The Sydney CBD’s small-tenant market is becoming a stronghold of flexible workspace operators, new research shows.
While the sector currently occupies 2.6 per cent of Sydney CBD’s total office space, coworking providers are estimated to account for between 25 and 30 per cent of the sub 300-square-metre market, figures from Cushman & Wakefield suggest.
The real estate firm also predicts that coworking operators could absorb more than 60 per cent of new leases in this sub-market annually, given that coworking has grown its footprint at about 25,000 square metres a year since 2018.
Cushman & Wakefield’s head of office leasing NSW Tim Courtnall said the growth of the coworking industry was starting to have an impact on the small-tenant market in 2019.
“Our brokerage team have found demand slowing for suites of sub 300 square metres, in particular in the prime-grade sector,” he said.
“These tenants are attracted to the turn-key solutions, flexible terms including no bank guarantee and ability to do short-term leases, on offer by these operators.”
The report also cited anecdotal evidence that smaller spaces are taking longer to find a tenant because of the domination of coworking groups in this sub-market.
While sub-300-square-metre leases account for 10 per cent of Sydney CBD’s lease volume by size, they make up nearly half of all leases in the city centre – an indicator of the weight held by small tenant leases.
Cushman & Wakefield’s head of research, Australia and New Zealand, John Sears said while the coworking sector was growing rapidly, particularly in CBD markets, it was still a “relatively small part of the overall office landscape”.
“We are also seeing coworking operators absorb a large proportion of new supply and are dominating in the smaller office arena, and this has the potential to put increasing pressure on landlords that rely on smaller office tenancies particularly given forecast growth rates.”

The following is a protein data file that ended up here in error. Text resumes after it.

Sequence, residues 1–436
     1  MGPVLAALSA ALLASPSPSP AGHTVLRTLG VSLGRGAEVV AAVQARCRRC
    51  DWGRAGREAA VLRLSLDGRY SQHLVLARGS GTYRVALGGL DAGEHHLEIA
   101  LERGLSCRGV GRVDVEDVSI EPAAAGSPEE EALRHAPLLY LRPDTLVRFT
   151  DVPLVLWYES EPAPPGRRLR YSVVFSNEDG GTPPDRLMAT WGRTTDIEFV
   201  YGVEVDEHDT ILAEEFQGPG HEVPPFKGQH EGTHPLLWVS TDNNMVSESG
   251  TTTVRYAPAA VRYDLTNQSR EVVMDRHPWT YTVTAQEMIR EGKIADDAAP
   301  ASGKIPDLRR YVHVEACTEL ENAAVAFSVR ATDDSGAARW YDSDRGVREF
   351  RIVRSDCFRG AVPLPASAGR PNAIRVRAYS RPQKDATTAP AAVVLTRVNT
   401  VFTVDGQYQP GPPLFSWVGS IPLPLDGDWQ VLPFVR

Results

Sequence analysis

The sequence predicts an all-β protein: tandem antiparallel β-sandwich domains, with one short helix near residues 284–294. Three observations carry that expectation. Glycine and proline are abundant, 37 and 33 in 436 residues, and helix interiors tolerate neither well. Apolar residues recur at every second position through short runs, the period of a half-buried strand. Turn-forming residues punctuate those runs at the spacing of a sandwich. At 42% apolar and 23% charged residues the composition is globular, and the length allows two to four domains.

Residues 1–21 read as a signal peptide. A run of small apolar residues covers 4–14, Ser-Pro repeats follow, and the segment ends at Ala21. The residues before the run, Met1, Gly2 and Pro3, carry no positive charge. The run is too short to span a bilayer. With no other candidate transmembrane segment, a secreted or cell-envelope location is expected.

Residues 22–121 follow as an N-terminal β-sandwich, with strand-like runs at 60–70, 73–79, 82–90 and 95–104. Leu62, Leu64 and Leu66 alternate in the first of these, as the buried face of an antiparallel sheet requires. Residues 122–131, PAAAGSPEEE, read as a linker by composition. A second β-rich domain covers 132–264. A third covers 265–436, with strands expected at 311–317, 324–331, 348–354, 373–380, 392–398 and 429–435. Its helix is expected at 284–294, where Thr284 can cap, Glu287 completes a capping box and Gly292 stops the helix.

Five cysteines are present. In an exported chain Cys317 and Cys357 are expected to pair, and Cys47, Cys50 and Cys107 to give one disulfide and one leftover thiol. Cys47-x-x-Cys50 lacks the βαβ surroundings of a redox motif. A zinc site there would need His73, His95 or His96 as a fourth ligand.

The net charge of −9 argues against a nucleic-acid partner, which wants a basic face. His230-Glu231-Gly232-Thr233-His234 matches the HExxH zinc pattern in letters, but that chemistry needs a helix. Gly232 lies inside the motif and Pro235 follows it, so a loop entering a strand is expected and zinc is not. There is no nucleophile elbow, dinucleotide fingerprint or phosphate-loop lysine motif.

Most tenants seeking spaces smaller than 300 square metres would generally find coworking appealing, the report noted, though coworking may not suit some companies, including legal firms and those which require independent branding or isolated locations due to compliance.
Finance and insurance companies make up a quarter of tenants in the sub 300-square-metre market, followed by professional services firms and technology-based tenants, which account for 21 per cent and 16 per cent of the sub-market respectively.
Mr Courtnall said office property owners would be forced to adopt new strategies to attract and retain tenants as the competition from coworking groups ramped up.
“Smaller tenants are increasingly drawn to the high-quality fitouts and range of services offered by the coworking groups.”
Rise of coworking
Flexible workspace occupies more than 470,000 square metres of space across the office markets in Sydney, Melbourne and Brisbane – or 2.8 per cent of the CBD office markets on the eastern seaboard.
Coworking space in the Sydney CBD is tipped to take up more than 140,000 square metres in the Sydney CBD by 2020 – equivalent to 2.8 per cent of all office space in the city centre, Cushman & Wakefield predicted.
“The growth in coworking has been very strong in the Sydney CBD, jumping from 40,000 square metres in 2015 to 130,000 square metres in 2019, at an average annual growth rate of over 30 per cent,” according to the report.
Flexible workspace is concentrated in the Sydney CBD, with 70 tenancies, while there are 18 in the city’s fringe market and 43 in metropolitan areas.
The Sydney CBD office vacancy rate fell from 4.1 per cent to 3.7 per cent in the six months to July 2019, Property Council of Australia’s latest data shows.
Mr Courtnall said coworking groups including Regus, WeWork, Hub, JustCo, Compass and Victory were “very active” in their hunt for sites in Sydney to open in 2020-2021.
“We expect to see further consolidation in this sector over the coming years and our clients are closely watching the evolution of this sector in markets like London and the US, where groups like WeWork are leasing and buying whole buildings.”
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